Maybe even more important, recognize your mistakes, your losers, and lose patience with them, get rid of them!
"Eagles don't flock, you have to catch them one by one." -- Ross Perot
There is no such thing as a stupid question but there sure are a lot of lazy people. My father told me a long time ago that it is better to ask and seem ignorant than not to ask and remain ignorant.
BUT, we should NOT hold GG responsible for our actions, even if they are based on GG's recommendations. We should, we must, do our own due dilligence and take responsibility for our actions. We must use our own brains.
The three most important things are earnings, earnings and earnings.
I never buy IPOs, too much like gambling.
Institutional ownership should be used with care just like insider trades. It is not all that significant, nowhere in the vecinity of earnings growth, revenue growth, earnings surprises and such.
Some time ago I said that there were not enough barriers to entry in Global's business, all it takes is money, deep pockets. Global will depend on execution and nothing else to obtain and maintain a position as king of the conduit domain. This will not produce gorilla type valuations, only kingly valuations.
If there are few institutional investors, sooner or later the rest of the herd will discover the stock and buy it. If there are a large number of institutional investors, you found this out too late to benefit you!!!!!!!
Anyone who has to seek the help of the legal system is an underdog and often a loser (Sun? Netscape?). Rockefeller never did, Gates never did. I might be cruel but I side with Rockefeller, Gates and the rest of the winners.
...we should not follow GG blindly. He has no way of knowing the outcome when two or more Gorilla candidates enter a tornado. The Gorilla game recommends that we should buy a basketful of Gorilla candidates at the outset and then get rid of the ones that fail (become chimps or monkeys) and reinvest the proceeds in the real Gorilla.
There is no way that Internet merchants will make any money until they find a way of charging for their services. Up to now they have not found it. Maybe one day they will and then it will make sense to invest in Internet merchant stock. Price wars often drive economic booms. The Internet price war is the mother of all price wars (when everything is free, how much cheaper can it get?) and it will drive the Internet to become the mother of all businesses. For now, until they find out how to make money, the Internet merchants will not make any profits but the infrastructure will continue to be built out. And the infrastructure suppliers, who are not in a price war, will make a bundle.
But we must differentiate between infrastructure builders and infrastructure equipment providers and here the Gorilla Game concepts becomes very useful. To become a Gorilla, the prime requirement is to own: "a proprietary architecture a with high switching costs." Quite clearly, JDS Uniphase, Qualcomm and ARM Holdings belong to the Gorilla category. Companies that have good execution, first entry advantage and high barriers to entry, but have no proprietary architecture, are defined as Kings and Global Crossing, Globalstar and NextLink fall into this category. I am not sure where the other chip manufacturers fall: Analog Devices, Applied Micro Circuits, Atmel, Conexant, RF Microdevices and several others. Terayon I discount as an also ran because they gave away their patents.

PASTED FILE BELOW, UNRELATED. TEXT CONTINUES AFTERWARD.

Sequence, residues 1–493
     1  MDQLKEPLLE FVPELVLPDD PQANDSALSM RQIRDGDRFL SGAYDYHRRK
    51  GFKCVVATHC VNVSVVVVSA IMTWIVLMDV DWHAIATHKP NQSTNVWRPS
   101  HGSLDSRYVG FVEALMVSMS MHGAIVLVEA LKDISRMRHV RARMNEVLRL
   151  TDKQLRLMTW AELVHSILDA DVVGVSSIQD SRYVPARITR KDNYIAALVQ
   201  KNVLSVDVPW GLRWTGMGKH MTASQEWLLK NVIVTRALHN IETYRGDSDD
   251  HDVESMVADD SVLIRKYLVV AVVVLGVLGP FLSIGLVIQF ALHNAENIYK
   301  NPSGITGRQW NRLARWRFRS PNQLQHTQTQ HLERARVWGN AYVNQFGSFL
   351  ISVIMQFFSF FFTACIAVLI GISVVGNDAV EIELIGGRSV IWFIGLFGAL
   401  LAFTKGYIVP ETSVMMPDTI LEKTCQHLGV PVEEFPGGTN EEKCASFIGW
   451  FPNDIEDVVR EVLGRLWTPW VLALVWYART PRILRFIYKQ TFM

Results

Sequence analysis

So far, I would say that Qualcomm, JDS Uniphase and ARM Holdings look like gorillas.
Terayon is history after it gave up its patents.
[The Gorilla Game] is one of the most important investment books that I have ever read. BUT, the gorilla game they describe happens in one part of the microcosm forest and I want to play the game in the telecosm forest. I don't want to be one of these generals that fights the last war.
ARM is a people company where they encourage ALL employees to become shareholders through diverse stock option plans. I don't see how the story can get any better: 1.- High barriers to entry. 2.- Standard setter. 3.- No bricks and mortar high margin company twice removed from the end user. 4.- Employee ownership. 5.- Larry Tesler – director. 6.- Their industry, Telecosm, is just starting and should be good for 10 to 20 years.
I have discovered that you can tell as many lies with accounting as with statistics! But accounting is a fascinating subject and useful in the investment world. Just don't take figures at face value!
My advice is that you should become very familiar with the GTR's Telecosm Paradigm by downloading many back issues and reading each one at least 3 or 4 times (or until you are fluent in Gilder-speak).
Next, read several basic investment books by people who have MADE MONEY in the market. My prime recommendation is "One Up On Wall Street" by Peter Lynch of Magellan fame. Then you will be ready to make your own decisions and take credit or blame where credit or blame is due! Welcome to the most exciting investment group around!
I keep coming back to this but I think it needs to be stressed again and again. Those companies that are closest to the buying public are likely to fall into price wars that benefit the buying public and benefit the munitions makers that supply the price warriors. If this is true, equipment suppliers like JDS Uniphase deserve much higher valuations than service providers such as Global Crossings. My feeling is that the market is right most of the time and certainly right over the long run. But analysts, well, that is another story—please note that George Gilder is the exception that proves the rule.
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Last updated June 22, 2003